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Kindergarten Readiness – Twelve Ways to Prepare Your Child

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Kindergarten Readiness – Twelve Ways to Prepare Your Child

kindergarten children sitting on a bench laughing

Veteran Randolph teacher Mary Jones has strong opinions about Kindergarten, calling it “the best part of school, the most important part of school.” She explains that this first stage of formal schooling gives teachers the opportunity to intervene early to thwart a student’s belief that he or she “can’t.”

“The earlier you can move them to ‘I can,’ that’s the key to getting them on the road to success,” Jones says. So what can parents do to prepare their children for this important step in their educational careers? Here are some ideas.

children's hands covered in fingerpaint

Acquire Good Habits

Set a regular bedtime and wake-up time for your child.
Create this routine at least two weeks prior to the first day of school. Sleep is so important to your child’s growth and brain development.

Set up a play date with a friend from school.
The educational skills students learn in their early elementary years and their cognitive growth are deeply connected to their social and emotional growth. Unstructured playtime alone and with friends is as important as learning to recognize letters and numbers.

Plan a visit to your child’s school.
The week before school begins, walk the halls and become familiar with the surroundings. New routines are difficult for children in the beginning, but should offer security once established.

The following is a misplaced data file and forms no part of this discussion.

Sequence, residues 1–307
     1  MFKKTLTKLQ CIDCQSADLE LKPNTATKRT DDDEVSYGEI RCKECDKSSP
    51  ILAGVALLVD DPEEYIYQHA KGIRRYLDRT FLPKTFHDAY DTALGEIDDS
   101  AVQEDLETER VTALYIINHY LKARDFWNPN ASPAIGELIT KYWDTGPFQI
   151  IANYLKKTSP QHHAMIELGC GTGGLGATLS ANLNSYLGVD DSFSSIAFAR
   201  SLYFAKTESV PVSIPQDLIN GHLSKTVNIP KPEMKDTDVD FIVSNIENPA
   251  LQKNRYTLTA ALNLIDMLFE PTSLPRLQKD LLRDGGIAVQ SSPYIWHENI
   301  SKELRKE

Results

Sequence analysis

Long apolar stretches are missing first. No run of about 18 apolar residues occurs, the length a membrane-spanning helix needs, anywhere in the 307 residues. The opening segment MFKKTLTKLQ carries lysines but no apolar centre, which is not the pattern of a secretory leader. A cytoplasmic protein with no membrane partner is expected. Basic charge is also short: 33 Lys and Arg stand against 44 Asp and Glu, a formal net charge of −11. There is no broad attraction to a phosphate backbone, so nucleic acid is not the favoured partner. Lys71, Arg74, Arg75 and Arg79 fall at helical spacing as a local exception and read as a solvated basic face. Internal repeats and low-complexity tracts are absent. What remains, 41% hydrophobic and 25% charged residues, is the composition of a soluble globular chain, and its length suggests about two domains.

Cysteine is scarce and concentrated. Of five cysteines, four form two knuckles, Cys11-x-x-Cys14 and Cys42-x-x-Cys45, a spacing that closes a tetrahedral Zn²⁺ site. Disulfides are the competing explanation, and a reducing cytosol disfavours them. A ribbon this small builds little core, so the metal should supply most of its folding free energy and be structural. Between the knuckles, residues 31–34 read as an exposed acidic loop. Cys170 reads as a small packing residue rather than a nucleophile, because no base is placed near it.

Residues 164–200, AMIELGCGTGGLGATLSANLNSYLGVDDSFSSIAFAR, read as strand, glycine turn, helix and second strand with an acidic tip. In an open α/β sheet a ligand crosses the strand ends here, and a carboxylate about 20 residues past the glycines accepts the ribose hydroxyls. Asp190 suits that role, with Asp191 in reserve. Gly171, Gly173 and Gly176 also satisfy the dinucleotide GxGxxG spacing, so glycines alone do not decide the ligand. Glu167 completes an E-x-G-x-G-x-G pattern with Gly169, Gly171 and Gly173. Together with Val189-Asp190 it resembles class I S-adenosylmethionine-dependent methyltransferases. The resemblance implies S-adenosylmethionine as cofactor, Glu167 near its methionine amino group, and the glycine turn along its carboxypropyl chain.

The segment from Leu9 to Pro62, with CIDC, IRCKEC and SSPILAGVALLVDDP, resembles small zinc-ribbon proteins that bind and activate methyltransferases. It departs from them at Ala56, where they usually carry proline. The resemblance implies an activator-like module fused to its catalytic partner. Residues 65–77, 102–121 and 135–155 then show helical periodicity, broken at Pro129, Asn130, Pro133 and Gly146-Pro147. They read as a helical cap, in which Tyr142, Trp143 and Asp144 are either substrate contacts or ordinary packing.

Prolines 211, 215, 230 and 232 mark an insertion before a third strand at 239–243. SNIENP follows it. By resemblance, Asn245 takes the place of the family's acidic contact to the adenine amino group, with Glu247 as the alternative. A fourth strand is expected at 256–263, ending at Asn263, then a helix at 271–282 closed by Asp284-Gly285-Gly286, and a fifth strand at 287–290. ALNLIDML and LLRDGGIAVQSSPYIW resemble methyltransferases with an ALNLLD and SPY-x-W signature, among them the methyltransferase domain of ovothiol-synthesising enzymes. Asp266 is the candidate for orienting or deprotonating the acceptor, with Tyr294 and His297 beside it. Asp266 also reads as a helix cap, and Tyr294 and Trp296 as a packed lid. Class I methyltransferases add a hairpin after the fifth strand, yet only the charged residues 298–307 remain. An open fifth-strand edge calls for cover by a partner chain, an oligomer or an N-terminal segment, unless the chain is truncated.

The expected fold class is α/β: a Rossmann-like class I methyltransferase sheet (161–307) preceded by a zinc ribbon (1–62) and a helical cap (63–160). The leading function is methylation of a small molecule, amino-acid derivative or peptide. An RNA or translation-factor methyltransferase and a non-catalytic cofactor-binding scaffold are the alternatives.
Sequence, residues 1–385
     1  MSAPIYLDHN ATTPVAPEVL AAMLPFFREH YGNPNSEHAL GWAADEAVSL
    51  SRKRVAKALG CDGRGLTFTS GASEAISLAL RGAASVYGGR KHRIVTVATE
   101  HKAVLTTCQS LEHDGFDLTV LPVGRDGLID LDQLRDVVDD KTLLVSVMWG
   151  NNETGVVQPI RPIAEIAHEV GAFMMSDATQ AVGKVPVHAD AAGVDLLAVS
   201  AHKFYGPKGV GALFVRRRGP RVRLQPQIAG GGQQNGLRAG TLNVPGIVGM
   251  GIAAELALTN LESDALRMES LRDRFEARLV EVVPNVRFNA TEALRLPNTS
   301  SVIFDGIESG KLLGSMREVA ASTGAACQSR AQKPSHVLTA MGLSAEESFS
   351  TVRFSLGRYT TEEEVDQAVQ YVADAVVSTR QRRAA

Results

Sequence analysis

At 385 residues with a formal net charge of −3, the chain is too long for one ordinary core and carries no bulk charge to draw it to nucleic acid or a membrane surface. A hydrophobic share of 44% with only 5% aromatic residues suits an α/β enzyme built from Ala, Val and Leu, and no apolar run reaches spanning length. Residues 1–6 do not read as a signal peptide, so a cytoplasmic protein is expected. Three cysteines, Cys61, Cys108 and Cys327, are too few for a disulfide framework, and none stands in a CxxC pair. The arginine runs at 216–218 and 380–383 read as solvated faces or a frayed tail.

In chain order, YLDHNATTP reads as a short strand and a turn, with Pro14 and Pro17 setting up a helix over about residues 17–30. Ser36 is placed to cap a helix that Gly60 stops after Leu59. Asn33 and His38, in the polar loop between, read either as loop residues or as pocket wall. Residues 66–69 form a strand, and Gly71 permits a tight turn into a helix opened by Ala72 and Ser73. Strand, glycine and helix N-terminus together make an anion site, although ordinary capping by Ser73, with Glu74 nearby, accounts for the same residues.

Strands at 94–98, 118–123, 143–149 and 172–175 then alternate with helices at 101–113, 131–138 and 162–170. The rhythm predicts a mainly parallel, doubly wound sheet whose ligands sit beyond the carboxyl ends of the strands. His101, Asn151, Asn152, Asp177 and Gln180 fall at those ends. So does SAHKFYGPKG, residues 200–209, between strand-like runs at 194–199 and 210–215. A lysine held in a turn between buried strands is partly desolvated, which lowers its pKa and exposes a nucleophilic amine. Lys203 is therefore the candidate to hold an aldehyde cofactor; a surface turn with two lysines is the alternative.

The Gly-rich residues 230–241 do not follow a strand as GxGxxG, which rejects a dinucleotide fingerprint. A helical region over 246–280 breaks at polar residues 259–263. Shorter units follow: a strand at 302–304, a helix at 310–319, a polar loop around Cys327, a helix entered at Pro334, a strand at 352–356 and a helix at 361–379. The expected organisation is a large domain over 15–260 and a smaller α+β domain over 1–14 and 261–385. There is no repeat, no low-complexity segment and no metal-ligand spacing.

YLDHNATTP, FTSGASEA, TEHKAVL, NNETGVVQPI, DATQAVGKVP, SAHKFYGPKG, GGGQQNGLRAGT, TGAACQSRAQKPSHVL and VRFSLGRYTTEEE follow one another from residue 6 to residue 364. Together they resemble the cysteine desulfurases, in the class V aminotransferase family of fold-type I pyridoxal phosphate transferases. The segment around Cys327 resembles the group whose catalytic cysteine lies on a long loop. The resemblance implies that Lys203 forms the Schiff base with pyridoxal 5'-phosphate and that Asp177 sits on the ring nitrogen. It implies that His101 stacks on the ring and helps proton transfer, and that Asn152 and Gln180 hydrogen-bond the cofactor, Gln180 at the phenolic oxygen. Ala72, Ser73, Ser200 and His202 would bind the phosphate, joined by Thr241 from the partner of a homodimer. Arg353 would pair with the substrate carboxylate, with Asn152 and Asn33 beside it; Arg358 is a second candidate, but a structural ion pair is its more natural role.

Practice Personal Skills

Make sure your child knows how to:

  • Tie his or her shoes.
  • Put on and zip a jacket
  • Unbutton and button pants
  • Open lunch items like drinks and chips

Throughout your child’s time at preschool or nursery school, and through their interactions with you, your child will be developing basic reading–readiness and number skills. You’ve no doubt been reading to your child and will continue to prepare them for more academic skills that they will need for the classroom.

Prepare for the Classroom

Some basic skills your child will need to be ready for Kindergarten are to:

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  • Recognize uppercase and lowercase letters
  • Count from 1 to 20
  • Hold a pencil and write first name
  • Use scissors
  • Exercise self-control: Share, wait for a turn, stand in a line, listen to a story

kindergarten students with their teacher

As you look forward to this next stage in your child’s life, share your positive attitude about school and your child’s experience. This will foster independence and confidence. Starting school is the beginning of a great adventure! Supporting the school and its teachers and demonstrating that conspicuous confidence in front of your child is a great gift to give them as they head into the world.

Advice from Randolph’s Head of Lower School Cindy Shaw: “The right program for your child is one where he or she will be happy. Randolph’s Kindergarten is the starting point for an excellent education, providing a foundation for college and life. The foundations for strong writing skills, resilience, empathy, good social and emotional development are laid in our Kindergarten and built upon all the way through the Randolph journey.”

Learn more about providing your child with a healthy and challenging education by checking out Randolph School’s eBook Will School Challenge Your Child?

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